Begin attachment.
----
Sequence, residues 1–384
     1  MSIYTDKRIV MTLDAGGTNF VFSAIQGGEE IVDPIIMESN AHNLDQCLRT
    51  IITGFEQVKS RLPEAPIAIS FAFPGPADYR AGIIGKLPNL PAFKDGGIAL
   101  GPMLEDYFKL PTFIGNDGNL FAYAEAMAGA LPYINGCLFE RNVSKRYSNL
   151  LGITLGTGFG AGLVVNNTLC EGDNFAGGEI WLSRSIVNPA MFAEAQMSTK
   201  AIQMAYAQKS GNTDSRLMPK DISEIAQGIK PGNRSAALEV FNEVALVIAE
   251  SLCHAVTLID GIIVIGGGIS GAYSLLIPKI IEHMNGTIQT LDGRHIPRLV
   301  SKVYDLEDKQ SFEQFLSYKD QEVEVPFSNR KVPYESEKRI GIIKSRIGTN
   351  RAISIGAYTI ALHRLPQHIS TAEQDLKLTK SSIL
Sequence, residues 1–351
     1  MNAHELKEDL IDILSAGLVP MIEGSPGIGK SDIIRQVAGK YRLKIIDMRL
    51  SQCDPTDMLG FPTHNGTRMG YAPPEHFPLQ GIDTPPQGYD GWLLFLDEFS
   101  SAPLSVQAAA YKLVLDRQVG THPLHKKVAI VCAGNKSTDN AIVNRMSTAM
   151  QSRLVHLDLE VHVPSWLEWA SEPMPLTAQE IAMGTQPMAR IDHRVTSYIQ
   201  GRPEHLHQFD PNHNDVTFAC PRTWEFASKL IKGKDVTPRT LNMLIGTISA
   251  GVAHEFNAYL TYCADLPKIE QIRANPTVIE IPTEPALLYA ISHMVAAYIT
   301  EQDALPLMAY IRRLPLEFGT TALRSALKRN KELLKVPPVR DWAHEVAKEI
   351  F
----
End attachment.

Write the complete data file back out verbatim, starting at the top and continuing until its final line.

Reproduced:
Sequence, residues 1–384
     1  MSIYTDKRIV MTLDAGGTNF VFSAIQGGEE IVDPIIMESN AHNLDQCLRT
    51  IITGFEQVKS RLPEAPIAIS FAFPGPADYR AGIIGKLPNL PAFKDGGIAL
   101  GPMLEDYFKL PTFIGNDGNL FAYAEAMAGA LPYINGCLFE RNVSKRYSNL
   151  LGITLGTGFG AGLVVNNTLC EGDNFAGGEI WLSRSIVNPA MFAEAQMSTK
   201  AIQMAYAQKS GNTDSRLMPK DISEIAQGIK PGNRSAALEV FNEVALVIAE
   251  SLCHAVTLID GIIVIGGGIS GAYSLLIPKI IEHMNGTIQT LDGRHIPRLV
   301  SKVYDLEDKQ SFEQFLSYKD QEVEVPFSNR KVPYESEKRI GIIKSRIGTN
   351  RAISIGAYTI ALHRLPQHIS TAEQDLKLTK SSIL
Sequence, residues 1–351
     1  MNAHELKEDL IDILSAGLVP MIEGSPGIGK SDIIRQVAGK YRLKIIDMRL
    51  SQCDPTDMLG FPTHNGTRMG YAPPEHFPLQ GIDTPPQGYD GWLLFLDEFS
   101  SAPLSVQAAA YKLVLDRQVG THPLHKKVAI VCAGNKSTDN AIVNRMSTAM
   151  QSRLVHLDLE VHVPSWLEWA SEPMPLTAQE IAMGTQPMAR IDHRVTSYIQ
   201  GRPEHLHQFD PNHNDVTFAC PRTWEFASKL IKGKDVTPRT LNMLIGTISA
   251  GVAHEFNAYL TYCADLPKIE QIRANPTVIE IPTEPALLYA ISHMVAAYIT
   301  EQDALPLMAY IRRLPLEFGT TALRSALKRN KELLKVPPVR DWAHEVAKEI
   351  F